Reviewing Your Scoresheet In Your Criminal Case

Did the prosecutor in your case just tell the judge that you “score out” to prison time? Are you wondering how they got to that number?  Prosecutors use “criminal punishment scoresheets” to calculate the number of months of prison time.  They add the points from your primary offense level, additional offense levels, victim injuries, prior record, legal status violations, community sanction violations, and other enhancements, and you get your “total sentence points”.

Then, they simply take your total sentence points, subtract 28 points, and multiply by .75.  This is the number that you “score out” to or the bottom of your guideline range.  This number is important because this is the lowest amount of prison time that the judge can sentence you to unless the state agrees to a lower sentence or you qualify for a legal departure from the sentencing guidelines.

Confused yet?  You should be.  There is a reason criminal defense attorneys spend years in law school and in practice before they even touch one of these scoresheets. They are very complex and very important.  Just one mistake on your scoresheet could make the difference between you going to prison or getting probation.  You should hire an experienced criminal attorney to review your scoresheet to ensure your guidelines score is correctly calculated.

While you might not understand some of the legal aspects of correctly calculating your sentencing guidelines score, there are still some things that you can do. Prosecutors have hundreds of cases. Sometimes they make mistakes.  Here are some helpful tips that will ensure that you don’t get more time than you deserve.

1.  Review Your Background Information

Make sure the Defendant on the case is you!

2.  Review Your Current Charges

Make sure the charges under “Primary Offense” and “Additional Offenses” accurately reflect your charges.

3.  Review Your Prior Record

Make sure the charges under “Prior Record” accurately reflect your past criminal history. Sometimes prosecutors do not have accurate criminal histories that reflect that prior charges have been dismissed or pled to lesser included offenses.  This is more likely if you have prior arrests or charges in a different county or state.

4.  Review The Prosecutor’s Math

Finally, make sure the prosecutor’s math is correct.  A simple mathematical error that you learned in 3rd grade could cost you years of your life.  Simply add the points on each page to calculate your “total sentence points”.  Subtract 28 points from that total and then multiply by .75.  This is the number that you “score out” to or the bottom of your guideline range.  Here is an example below:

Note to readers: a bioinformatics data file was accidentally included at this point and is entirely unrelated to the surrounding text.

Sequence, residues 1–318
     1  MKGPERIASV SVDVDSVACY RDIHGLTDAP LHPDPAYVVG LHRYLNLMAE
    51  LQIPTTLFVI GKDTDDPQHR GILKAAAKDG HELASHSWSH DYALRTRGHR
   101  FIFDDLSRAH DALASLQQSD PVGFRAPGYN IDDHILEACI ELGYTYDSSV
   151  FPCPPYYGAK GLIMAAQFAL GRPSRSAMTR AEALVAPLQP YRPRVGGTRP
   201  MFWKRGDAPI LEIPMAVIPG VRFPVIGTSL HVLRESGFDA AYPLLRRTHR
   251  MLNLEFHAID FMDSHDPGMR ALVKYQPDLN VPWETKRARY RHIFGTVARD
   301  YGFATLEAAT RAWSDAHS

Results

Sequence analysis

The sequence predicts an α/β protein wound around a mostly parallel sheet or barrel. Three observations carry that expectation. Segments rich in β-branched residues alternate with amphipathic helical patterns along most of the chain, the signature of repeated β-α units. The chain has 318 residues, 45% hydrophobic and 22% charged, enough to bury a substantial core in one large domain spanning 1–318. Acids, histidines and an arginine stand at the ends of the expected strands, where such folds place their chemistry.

Suppose John Doe is on probation for Possession of Cocaine.  He gets in an argument with his girlfriend and lunges at her with a knife causing a small cut on her left arm.  A neighbor call police and they arrive very quickly.  Mr. Doe runs out the back door and jumps a fence.  He is apprehended by police a short distance from his home.  After bonding out of jail, he fails to appear at his arraignment because he is scared.  He is arrested on a warrant a few months later and held in custody until his trial.  At trial he is found guilty of Aggravated Battery with a Deadly Weapon and Resisting Arrest Without Violence.  He is also found in violation of his probation for Possession of Cocaine.  Mr. Doe has three prior convictions for Possession of Cocaine, two prior convictions for Robbery, one prior conviction for Aggravated Assault, and ten prior misdemeanor convictions for various crimes.  Under the following fact scenario, this is what Mr. Doe’s scoresheet would look like:


Mr. Doe would receive 96.4 points for his “Primary Offense”, “Additional Offenses”, “Victim Injury Points”, and his “Prior Record”.


Mr. Doe would receive 4 points for failing to appear to arraignment and an additional 12 points for the probation violation bringing his total sentence points to 112.4. After subtracting 28 points from the total sentence points and multiplying by .75, Mr. Doe scores out to 63.3 months florida state prison at the bottom of the guidelines.

He faces a maximum sentence of 20 after combining the maximum sentence for Aggravated Battery with a Deadly Weapon (15 years) with the maximum sentence for a violation of probation for Possession of Cocaine (5 years).  Therefore, unless there is a legal reason to depart from the sentencing guidelines, the Judge would be required to sentence Mr. Doe to somewhere between 63.3 months to 20 years in prison.


Please note that by reading this blog you are not entering into an attorney-client relationship with Hubbs Law, P.A. This blog only provides general legal information. Every case is unique and you should request a consultation to ensure that you are getting the correct legal advice for your specific case.

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